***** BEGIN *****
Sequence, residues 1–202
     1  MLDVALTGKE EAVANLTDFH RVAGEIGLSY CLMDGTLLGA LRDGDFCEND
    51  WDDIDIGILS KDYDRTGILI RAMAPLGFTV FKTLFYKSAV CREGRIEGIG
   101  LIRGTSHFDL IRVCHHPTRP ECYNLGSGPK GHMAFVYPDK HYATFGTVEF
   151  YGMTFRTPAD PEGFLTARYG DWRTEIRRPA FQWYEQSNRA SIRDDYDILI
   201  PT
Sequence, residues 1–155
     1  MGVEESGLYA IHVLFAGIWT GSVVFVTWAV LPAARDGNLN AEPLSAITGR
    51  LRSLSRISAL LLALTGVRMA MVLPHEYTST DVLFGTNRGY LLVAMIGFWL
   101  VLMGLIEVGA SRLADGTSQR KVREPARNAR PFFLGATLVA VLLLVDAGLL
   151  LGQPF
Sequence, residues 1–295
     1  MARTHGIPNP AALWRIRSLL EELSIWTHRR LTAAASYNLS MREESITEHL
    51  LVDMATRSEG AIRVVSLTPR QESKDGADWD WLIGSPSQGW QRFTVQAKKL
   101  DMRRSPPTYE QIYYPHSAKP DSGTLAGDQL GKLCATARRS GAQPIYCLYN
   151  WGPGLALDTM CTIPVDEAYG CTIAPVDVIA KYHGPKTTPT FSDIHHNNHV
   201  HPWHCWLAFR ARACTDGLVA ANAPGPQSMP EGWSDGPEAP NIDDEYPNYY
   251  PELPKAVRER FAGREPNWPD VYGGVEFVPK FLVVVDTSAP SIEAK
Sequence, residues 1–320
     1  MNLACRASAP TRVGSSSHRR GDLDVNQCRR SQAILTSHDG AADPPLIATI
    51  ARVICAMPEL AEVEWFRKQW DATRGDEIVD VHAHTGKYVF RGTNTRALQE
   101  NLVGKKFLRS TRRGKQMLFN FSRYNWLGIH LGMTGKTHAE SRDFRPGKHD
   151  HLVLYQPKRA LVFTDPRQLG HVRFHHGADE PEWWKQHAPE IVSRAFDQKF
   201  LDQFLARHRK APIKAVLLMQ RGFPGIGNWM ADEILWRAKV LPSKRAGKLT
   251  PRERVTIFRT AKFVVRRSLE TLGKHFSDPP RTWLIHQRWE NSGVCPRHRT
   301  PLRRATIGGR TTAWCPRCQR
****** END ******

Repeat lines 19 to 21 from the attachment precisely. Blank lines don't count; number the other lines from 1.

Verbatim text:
Sequence, residues 1–320
     1  MNLACRASAP TRVGSSSHRR GDLDVNQCRR SQAILTSHDG AADPPLIATI
    51  ARVICAMPEL AEVEWFRKQW DATRGDEIVD VHAHTGKYVF RGTNTRALQE